5.5 Arch of Titus
    5.6 Chariot panel

    Built-in 113 CE to honor the victory of Emperor Trajan and Rome in the Dacian Wars, Trajan’s Column (5.7) was a war memorial celebrating the two most significant achievements of the Roman Empire. The standing marble column is 35 meters high, with a spiral frieze depicting the two wars and 2350 detailed figures carved in low relief into the marble encircling the column. At one time, the carved army held metal spears and swords. The 200 meters of store carvings (5.8) is a complete visual record of the Roman army, each section of the massive stone column was carved and then hoisted into place with an extensive pulley system. The interior spiral staircase has 185 stairs leading to the top, reducing the overall weight of the stone, and giving access to the higher sections. The focus on Roman construction techniques is an example of the method used to impress and inform the public about the Roman army and its successes.

    5.7 Trajan’s Column

    The Temple of Venus and Roma (5.9) was the largest temple in Rome, located near the Colosseum, and it was dedicated to the goddesses Venus Felix and Roma Aeterna. Started under the directions of emperor Hadrian, construction began in 121 CE and completed in 141 CE. The stage for the building was 145 meters long and 100 meters wide, while the building on top of the stage was 110 meters long and 53 meters wide. The temple had two main chambers with a statue of Venus in one chamber and Roma in the other one. Located back to back, the chambers of Venus overlooks the Colosseum and Roma looks out at the Roman Forum.

    5.8 Column carvings

    The short side of the temple has ten white columns, and the long side has eighteen white columns every 1.8 meters in width. In the chamber of Venus, there is an altar where newlywed couples made sacrifices, and beside the altars are enormous statues of Marcus Aurelius and Faustina. Over time, fires, earthquakes, and looting destroyed much of the original building. In 630, one of the popes removed the gilt-bronze tiles from the roof to adorn St. Peters in Rome, and in the Middle Ages, most of the marble was taken to build projects in other places.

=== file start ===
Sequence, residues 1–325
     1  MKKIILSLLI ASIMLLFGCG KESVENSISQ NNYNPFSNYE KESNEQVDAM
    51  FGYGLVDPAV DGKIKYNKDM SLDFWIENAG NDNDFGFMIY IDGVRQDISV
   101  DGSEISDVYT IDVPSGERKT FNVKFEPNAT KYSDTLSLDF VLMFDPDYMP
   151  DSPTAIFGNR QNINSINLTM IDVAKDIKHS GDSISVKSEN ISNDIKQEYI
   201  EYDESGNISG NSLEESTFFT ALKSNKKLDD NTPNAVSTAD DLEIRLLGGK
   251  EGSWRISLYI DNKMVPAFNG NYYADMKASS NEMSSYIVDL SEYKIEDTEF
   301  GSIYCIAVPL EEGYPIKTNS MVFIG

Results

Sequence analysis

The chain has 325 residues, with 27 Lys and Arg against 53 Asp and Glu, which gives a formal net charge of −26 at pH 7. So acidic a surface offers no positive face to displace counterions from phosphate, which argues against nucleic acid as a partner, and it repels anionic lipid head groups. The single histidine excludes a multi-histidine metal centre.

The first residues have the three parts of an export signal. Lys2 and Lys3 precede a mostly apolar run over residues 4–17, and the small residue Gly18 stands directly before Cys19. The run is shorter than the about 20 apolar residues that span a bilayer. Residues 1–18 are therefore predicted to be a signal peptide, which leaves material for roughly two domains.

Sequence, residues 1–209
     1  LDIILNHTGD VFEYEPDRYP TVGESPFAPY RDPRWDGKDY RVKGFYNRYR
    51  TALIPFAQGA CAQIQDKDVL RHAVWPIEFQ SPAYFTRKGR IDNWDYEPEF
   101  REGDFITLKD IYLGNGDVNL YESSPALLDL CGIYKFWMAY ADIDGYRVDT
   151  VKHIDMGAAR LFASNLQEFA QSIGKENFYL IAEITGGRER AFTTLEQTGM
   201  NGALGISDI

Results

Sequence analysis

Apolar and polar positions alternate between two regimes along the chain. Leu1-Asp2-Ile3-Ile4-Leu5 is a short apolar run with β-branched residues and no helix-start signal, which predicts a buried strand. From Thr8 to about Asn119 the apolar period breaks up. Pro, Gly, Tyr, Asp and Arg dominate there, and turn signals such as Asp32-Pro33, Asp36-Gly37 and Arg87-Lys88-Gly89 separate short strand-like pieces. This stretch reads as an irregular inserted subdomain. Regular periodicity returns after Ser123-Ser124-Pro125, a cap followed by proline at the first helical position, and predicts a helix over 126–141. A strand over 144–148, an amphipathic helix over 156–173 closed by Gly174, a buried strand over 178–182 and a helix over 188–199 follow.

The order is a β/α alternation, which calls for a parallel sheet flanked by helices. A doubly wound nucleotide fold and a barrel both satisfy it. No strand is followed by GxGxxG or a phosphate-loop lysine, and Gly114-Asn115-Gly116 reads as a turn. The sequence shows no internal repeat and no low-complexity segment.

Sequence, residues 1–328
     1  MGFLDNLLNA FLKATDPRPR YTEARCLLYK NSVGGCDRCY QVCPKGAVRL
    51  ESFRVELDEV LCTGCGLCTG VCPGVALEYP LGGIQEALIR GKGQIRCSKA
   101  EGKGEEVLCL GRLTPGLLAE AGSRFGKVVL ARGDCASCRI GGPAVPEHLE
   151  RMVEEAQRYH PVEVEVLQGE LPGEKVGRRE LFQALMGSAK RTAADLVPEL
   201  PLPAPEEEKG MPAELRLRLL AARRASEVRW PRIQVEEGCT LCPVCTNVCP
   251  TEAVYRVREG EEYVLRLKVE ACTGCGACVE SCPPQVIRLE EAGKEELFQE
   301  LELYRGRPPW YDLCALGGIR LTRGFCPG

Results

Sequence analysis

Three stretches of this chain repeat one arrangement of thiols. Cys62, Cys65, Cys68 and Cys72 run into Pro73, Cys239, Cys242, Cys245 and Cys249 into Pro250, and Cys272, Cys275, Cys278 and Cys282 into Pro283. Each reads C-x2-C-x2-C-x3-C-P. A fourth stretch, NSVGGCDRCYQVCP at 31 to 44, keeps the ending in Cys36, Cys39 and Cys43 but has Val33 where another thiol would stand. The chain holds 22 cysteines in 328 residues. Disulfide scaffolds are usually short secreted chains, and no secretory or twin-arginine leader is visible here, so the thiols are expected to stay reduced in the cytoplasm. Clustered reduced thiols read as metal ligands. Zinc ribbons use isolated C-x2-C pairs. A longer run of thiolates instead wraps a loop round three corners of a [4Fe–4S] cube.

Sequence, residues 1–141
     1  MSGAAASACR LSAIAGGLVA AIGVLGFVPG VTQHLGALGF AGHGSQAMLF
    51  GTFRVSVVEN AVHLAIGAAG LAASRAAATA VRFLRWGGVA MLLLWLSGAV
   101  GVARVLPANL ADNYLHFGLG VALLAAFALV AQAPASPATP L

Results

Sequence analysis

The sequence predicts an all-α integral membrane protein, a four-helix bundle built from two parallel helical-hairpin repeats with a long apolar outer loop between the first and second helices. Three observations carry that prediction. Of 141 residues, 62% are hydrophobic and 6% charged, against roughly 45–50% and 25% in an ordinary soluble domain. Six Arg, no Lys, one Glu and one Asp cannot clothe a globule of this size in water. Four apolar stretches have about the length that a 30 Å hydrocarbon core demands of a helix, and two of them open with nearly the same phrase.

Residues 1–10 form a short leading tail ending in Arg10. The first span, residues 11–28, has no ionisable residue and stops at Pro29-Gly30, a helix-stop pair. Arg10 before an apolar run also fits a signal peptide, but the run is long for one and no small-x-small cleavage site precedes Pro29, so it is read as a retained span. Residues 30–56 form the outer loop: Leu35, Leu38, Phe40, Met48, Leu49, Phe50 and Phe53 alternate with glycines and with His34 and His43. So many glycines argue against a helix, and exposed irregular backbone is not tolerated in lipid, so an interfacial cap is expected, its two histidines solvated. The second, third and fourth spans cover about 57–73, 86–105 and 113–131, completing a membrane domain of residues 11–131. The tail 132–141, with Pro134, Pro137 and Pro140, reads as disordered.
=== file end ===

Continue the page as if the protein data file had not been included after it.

5.9 Temple of Venus and Roma

    The variety and sophistication of art are what sets the Roman Empire apart from everyone else during the Classical Roman times, 100 BCE-315 CE. The Roman sculpture is divided into four categories including, portraits, busts, equestrian, and whole statues (especially the rulers in power). Many sarcophagi or tomb sculptures are adoring the final resting place of the rich or famous. Reliefs and historical reliefs were very popular and can be viewed on any Roman building. Copies of Greek sculptures began to surface, although the Romans tended to replicate the person as opposed to the Greeks, who favored a perfect sculpture piece. Roman artists worked to impress the people and display the majesty and power of the leaders. Ancient Roman artists carved their sculpture based upon classical Greek sculptures yet portrayed a flair for expression in the faces. The faces (5.10) are passionate, determined, regal, beautiful, and domineering, a trait appearing in many pieces of Roman art.

    5.10 Menander of Ephesus
    5.11 Statue of AugustusA statue of a person

    Augustus was the commander of the army for the Roman Empire, and the statue commemorating his victories located in the plaza. Augustus (5.11) is depicted wearing the military clothing of the army and raising his right hand as if addressing the troops before combat. The distant and tranquil look on his face, with the deeply draped clothing, signifies a warrior worthy of a marble statue and is reminiscent of the stance of Mars, the Roman god of war.